Disclaimer: I should probably point out now that if I was to describe myself politically it would be as a bleeding-heart liberal. I am middle-class, well-educated and have lived and worked in mainland Europe. I voted to remain in the EU yesterday.
I am disappointed by the news we are all reading today. My Facebook feed and views of my friends led me to believe that the outcome would be different, but I am not disheartened. I am not worrying about my children and the world they will grow up in. And I’ll tell you why…
We live in a very small town on the edge of Dartmoor. The majority of the population is over 70. It is a sleepy, conservative (little and big C) place. It is UKIP heartland, where vote LEAVE posters abounded in very window, garden and hedgerow.
My two 3 year olds attend the local pre-school here. I chose this school as it appeared to me not to have changed since the 1970s. The assistants speak in broad Devonian accents and Shirley the leader has run it since about 1972. The uniform is yellow and brown.
It was a pre-school not unlike the one I had attended, indeed it appealed to me as it represented an idyllic view of my own childhood growing up in Devon. A place where you were surrounded by similar people, with similar stories and voices, where everyone knew where you were from and outsiders were regarded with suspicion and dread. A place where the family that ran the local Chinese take-away were exotic and strange. A place full of people incapable of seeing a world passed their own garden fence let alone Devon’s borders.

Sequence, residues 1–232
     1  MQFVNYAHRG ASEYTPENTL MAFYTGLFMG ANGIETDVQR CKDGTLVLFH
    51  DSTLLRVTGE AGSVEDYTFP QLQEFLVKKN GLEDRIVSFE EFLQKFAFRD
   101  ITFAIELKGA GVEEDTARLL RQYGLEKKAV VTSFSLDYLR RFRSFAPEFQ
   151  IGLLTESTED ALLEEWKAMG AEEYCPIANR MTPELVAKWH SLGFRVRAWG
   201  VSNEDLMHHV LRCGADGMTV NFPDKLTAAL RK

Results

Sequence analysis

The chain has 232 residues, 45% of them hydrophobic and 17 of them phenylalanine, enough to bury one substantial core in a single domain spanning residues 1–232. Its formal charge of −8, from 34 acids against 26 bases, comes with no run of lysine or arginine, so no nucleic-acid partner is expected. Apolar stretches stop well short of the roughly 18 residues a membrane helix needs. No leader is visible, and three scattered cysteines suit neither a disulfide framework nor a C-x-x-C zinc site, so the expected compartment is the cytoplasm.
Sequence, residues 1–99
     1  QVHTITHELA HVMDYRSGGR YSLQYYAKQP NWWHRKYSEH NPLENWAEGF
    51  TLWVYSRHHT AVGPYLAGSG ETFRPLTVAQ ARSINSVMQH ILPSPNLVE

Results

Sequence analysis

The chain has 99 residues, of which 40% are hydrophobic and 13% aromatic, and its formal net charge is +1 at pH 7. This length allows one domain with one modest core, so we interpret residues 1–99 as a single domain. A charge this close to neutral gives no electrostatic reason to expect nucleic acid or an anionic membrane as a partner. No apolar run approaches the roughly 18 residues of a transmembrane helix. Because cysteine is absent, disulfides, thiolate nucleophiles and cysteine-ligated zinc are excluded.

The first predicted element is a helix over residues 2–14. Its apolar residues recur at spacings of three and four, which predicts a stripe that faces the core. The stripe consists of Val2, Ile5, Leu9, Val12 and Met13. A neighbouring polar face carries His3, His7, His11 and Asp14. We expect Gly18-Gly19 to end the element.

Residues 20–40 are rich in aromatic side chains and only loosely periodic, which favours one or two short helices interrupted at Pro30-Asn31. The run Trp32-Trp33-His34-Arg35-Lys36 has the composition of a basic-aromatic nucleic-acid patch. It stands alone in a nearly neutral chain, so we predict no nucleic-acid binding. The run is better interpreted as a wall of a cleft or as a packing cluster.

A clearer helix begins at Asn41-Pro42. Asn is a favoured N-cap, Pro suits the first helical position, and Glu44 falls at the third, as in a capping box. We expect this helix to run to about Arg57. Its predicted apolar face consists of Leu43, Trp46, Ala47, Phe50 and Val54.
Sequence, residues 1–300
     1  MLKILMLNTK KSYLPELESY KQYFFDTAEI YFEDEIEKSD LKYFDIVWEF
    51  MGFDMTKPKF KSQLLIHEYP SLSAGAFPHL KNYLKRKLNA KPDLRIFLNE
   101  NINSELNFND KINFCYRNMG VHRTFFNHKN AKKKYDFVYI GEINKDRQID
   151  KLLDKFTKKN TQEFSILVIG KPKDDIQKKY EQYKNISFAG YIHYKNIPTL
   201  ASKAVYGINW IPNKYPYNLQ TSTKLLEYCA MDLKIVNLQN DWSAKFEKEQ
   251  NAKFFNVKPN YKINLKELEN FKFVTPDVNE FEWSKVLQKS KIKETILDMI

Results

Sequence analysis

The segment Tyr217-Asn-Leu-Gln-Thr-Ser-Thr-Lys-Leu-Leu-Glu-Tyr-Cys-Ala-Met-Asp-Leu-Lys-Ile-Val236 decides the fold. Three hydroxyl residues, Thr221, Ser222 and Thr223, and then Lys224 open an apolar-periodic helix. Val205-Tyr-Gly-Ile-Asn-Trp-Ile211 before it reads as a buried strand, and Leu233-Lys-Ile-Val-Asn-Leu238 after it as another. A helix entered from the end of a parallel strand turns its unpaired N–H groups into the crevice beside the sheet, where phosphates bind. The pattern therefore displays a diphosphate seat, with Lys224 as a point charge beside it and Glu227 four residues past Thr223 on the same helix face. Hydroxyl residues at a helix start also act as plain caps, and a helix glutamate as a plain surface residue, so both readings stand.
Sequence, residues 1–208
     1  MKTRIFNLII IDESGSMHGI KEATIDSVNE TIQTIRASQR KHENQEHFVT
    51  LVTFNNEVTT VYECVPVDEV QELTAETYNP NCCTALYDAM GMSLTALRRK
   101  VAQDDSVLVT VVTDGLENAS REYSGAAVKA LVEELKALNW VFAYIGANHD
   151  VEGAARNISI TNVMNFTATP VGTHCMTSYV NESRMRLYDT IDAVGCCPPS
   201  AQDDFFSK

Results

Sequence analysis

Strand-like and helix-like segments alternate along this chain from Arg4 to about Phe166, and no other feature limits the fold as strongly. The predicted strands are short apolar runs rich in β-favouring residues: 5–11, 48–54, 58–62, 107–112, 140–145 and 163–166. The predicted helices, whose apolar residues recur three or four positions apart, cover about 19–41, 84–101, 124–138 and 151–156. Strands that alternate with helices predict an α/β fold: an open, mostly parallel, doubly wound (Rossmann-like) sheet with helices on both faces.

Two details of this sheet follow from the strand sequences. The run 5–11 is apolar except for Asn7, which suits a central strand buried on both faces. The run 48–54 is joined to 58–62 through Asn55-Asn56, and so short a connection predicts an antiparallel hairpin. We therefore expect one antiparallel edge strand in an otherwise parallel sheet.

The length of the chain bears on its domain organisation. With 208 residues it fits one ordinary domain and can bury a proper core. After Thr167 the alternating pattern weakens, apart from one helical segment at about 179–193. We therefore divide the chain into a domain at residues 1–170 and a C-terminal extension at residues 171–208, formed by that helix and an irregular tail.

But that was then and this is now.
The seventies pre-school my children attend may have a retro uniform but it is more in-tune with the 21st Century than I could ever have imagined or hoped.
Of course there are the local children, raised on farms and small-holdings whose parents have never left the area and never want to. Children who will raise their own children in the same place their parents had. And that’s fine. Where you are from can define you, and that is no bad thing.
Only now there are more children. There is my son’s best friend Mark* a cute little afro-haired chap whose father is an aging white hippy and mum is an attractive African lady.
And Juan whose dad bursts in to school every morning shouting a sunny hello in his Spanish accent.
And Alexis, who my daughter told me had no voice, but simply doesn’t speak because her parents are Catholic Romanians who live in a community nearby. I explained to my daughter that Alexis can speak but perhaps she doesn’t understand so well. I now know from Shirley that Alexis and my daughter love to play with the doll’s house together, silently.
And David who does have a voice that flits between Polish (his mum’s native tongue and English (his dad is from Scotland).
And Poppy whose Dad is a hard-working farmer and whose mum is Thai.
If you live in a big town or city perhaps this will all seem inconsequential to you. But to me this is a sign of how the world is shifting. My hope for my children is that they will not worry about migrants (oh, how I loathe that word!), or foreigners, or those who are different from themselves. They won’t worry about borders and barriers. Preventing people from entering our country or taking back control.
All my children will see are their friends that they play alongside.
Friends from a small-town, rural, global, inclusive, melting-pot pre-school in the heart of Devon.
That is the future Mr Farage and I hope it scares the s*** out of you!
*These children are all real, but I have changed their names.